Description : Features: of the Cambridge 2 Unit Mathematics Year 11 Enhanced Version contain: • A large number of fully worked examples demonstrate mathematical processes and encourage independent learning. Exercises are carefully graded to suit the range of students undertaking each mathematics course. • Online self-marking objective response quizzes provide further opportunities to practice the multiple choice style questions included in HSC Maths exams. 2 Unit / 3 Unit Mathematics: • Foundation questions consolidate fluency and understanding, development questions encourage students to apply their understanding to a particular context. • Extension or Challenge questions inspire further thought and development for advanced students. • The wealth of questions in these three categories enables teachers to make a selection to be attempted by students of differing abilities and provides students with opportunities to practice questions of the standard they will encounter in their HSC exams.
Description : This 2003 book contains portrayals of sixty mathematicians, which collectively convey how mathematics developed into its modern form.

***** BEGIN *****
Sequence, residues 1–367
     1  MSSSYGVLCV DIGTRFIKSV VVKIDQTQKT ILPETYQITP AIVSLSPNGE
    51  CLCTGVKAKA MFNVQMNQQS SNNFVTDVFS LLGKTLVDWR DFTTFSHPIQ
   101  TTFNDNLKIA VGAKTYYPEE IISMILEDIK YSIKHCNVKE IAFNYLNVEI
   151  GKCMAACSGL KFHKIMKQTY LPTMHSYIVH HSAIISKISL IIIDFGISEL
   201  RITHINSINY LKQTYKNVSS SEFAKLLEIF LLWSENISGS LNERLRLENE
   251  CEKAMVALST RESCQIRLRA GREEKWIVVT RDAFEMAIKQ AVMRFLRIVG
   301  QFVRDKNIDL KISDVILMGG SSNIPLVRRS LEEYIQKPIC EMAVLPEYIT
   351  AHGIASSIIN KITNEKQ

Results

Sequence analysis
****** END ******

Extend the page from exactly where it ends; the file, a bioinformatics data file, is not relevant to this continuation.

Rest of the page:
Description : A few years ago, in the Wren Library of Trinity College, Cambridge, I came across a remarkable but then little-known album of pencil and watercolour portraits. The artist of most (perhaps all) was Thomas Charles Wageman. Created during 1829–1852, these portraits are of pupils of the famous mat- matical tutor William Hopkins. Though I knew much about several of the subjects, the names of others were then unknown to me. I was prompted to discover more about them all, and gradually this interest evolved into the present book. The project has expanded naturally to describe the Cambridge educational milieu of the time, the work of William Hopkins, and the later achievements of his pupils and their contemporaries. As I have taught applied mathematics in a British university for forty years, during a time of rapid change, the struggles to implement and to resist reform in mid-nineteenth-century Cambridge struck a chord of recognition. So, too, did debates about academic standards of honours degrees. And my own experiences, as a graduate of a Scottish university who proceeded to C- bridge for postgraduate work, gave me a particular interest in those Scots and Irish students who did much the same more than a hundred years earlier. As a mathematician, I sometimes felt frustrated at having to suppress virtually all of the ? ne mathematics associated with this period: but to have included such technical material would have made this a very different book.